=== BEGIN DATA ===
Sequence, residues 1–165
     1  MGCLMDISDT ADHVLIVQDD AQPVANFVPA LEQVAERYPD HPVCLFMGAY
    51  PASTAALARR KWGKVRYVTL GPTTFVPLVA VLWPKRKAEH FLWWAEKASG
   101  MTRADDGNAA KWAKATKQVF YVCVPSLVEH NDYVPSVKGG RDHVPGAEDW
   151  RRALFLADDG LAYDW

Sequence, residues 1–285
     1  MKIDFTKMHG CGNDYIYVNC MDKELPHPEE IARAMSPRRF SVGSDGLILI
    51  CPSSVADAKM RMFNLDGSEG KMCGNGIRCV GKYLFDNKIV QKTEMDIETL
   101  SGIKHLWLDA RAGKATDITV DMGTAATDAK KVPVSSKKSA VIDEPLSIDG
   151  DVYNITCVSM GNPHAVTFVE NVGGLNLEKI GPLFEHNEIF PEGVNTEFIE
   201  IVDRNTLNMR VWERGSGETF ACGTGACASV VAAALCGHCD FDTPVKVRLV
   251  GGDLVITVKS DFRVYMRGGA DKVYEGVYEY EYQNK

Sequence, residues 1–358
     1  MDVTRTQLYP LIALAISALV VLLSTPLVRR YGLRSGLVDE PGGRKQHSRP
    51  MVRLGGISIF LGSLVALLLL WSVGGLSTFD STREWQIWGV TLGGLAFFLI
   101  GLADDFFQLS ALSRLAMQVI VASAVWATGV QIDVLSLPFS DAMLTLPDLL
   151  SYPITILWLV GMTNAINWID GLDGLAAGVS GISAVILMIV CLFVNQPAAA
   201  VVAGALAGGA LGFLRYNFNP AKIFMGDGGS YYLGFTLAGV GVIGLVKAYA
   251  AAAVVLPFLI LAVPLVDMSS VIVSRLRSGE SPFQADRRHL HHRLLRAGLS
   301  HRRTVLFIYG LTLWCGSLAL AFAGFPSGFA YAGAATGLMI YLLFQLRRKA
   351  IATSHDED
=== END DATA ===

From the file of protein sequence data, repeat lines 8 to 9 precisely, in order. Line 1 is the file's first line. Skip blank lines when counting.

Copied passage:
    51  CPSSVADAKM RMFNLDGSEG KMCGNGIRCV GKYLFDNKIV QKTEMDIETL
   101  SGIKHLWLDA RAGKATDITV DMGTAATDAK KVPVSSKKSA VIDEPLSIDG